But in 1977, as Williamson describes, Nichopoulos was not held responsible for Elvis’ death: “The call came in at 2:33PM on Tuesday, Aug. 16, 1977. The dispatcher indicated that someone at 3754 Elvis Presley Boulevard was having difficulty breathing…” The paramedics were met at the door by one of Elvis’ bodyguards. “He’s upstairs,” he told them, “and I think it’s an OD [overdose].” Elvis got the drugs from George “Dr. Nick” Nichopoulos.
“During the seven and a half months preceding Elvis’ death,” Williamson writes, “Dr. Nichopoulos had written prescriptions for him for at least 8,805 pills, tablets, vials, and injectibles. Going back to January 1975, the count was 19,012.” Williamson explains this data resulted from an extensive investigation, which involved over 2000 hours of reviewing more than six million prescriptions filled at 153 pharmacies to sift through which ones were by Dr. Nick for Elvis.
The bodyguard picked up pills at the pharmacy for Elvis the night before he died, Williamson writes, delivered them to Elvis personally, and watched Elvis take them. But the autopsy did not disclose that. The official cause of death was “heart failure.”
In compelling detail, Williamson recounts Elvis’ death, as the team of physicians who conducted the “meticulous autopsy” determined: “Tuesday morning, while Elvis was sitting on the black leather padded seat on his black ceramic commode reading a book, there had to be a trauma of some sort. Probably, Elvis stood up, dropped the book aside, took a halting step or two, then sank to his knees and pitched forward. Perhaps, he crawled a foot or two more before he collapsed, came to rest in the fetal position face down on the deep pile rug, and regurgitated slightly.”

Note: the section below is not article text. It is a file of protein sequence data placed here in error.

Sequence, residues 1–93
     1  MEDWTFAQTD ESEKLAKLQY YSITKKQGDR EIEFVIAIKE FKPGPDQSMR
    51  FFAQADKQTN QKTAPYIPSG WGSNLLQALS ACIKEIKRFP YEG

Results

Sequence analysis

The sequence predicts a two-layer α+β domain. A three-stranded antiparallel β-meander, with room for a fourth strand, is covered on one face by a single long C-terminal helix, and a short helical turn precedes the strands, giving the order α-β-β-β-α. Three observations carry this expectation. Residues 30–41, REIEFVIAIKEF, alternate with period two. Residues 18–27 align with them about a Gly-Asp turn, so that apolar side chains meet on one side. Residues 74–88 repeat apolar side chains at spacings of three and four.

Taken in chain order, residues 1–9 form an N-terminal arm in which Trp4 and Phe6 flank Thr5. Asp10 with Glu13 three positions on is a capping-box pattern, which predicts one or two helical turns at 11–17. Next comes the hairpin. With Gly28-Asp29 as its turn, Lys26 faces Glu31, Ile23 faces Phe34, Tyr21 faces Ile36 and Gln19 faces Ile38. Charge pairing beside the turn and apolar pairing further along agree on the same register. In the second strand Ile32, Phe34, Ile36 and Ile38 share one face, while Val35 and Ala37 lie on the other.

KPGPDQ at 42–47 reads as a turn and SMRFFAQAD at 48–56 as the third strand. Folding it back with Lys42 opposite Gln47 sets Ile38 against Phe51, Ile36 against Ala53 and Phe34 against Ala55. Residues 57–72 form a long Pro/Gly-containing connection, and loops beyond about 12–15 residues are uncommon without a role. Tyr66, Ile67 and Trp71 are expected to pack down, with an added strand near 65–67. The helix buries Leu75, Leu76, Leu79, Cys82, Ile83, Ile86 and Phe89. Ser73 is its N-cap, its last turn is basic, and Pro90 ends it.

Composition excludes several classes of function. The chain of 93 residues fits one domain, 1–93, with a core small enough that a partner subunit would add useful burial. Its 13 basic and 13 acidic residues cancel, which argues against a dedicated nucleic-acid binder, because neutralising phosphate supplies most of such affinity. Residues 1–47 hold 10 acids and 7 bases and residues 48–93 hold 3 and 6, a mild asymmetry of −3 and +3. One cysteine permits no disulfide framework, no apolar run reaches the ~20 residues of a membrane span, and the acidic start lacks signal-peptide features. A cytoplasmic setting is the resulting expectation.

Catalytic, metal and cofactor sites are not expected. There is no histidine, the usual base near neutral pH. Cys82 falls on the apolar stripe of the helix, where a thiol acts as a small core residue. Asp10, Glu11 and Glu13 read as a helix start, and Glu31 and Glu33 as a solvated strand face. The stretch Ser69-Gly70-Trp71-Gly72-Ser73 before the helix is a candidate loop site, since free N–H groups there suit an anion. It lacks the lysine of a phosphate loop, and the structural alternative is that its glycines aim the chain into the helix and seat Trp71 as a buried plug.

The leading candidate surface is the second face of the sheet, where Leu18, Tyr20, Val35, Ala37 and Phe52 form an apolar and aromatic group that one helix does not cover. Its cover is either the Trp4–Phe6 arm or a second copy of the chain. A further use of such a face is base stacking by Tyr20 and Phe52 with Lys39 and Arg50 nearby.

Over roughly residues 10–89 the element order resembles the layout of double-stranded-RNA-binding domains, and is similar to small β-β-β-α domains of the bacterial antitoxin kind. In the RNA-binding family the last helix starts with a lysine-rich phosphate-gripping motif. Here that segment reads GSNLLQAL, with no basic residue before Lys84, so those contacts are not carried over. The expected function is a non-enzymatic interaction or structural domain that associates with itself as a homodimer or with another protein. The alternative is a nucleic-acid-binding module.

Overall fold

Dr. Francisco, the head of the autopsy team, instead publicly announced that Elvis had died, officially, from “cardiac arrhythmia due to undetermined heartbeat.” In other words: heart failure. Williamson notes that Francisco was careful in his choice of language, stating that Elvis did not abuse any “drugs.” If that meant “street drugs,” Williamson wrote, then Francisco, technically, was telling the truth. “If he meant to include prescription drugs, he was lying.” Williamson notes that what really killed Elvis was “polypharmacy”: ironically, a Greek word which means “too many drugs” prescribed by a Greek doctor.
In 1981, Nichopoulos was on trial for overprescribing drugs to various patients, Elvis included. In his defense, he said that if he had not prescribed those large amounts of drugs to Elvis, someone else would have. His rationale was that by supplying Elvis, at least he had some knowledge and control concerning Elvis’ intake.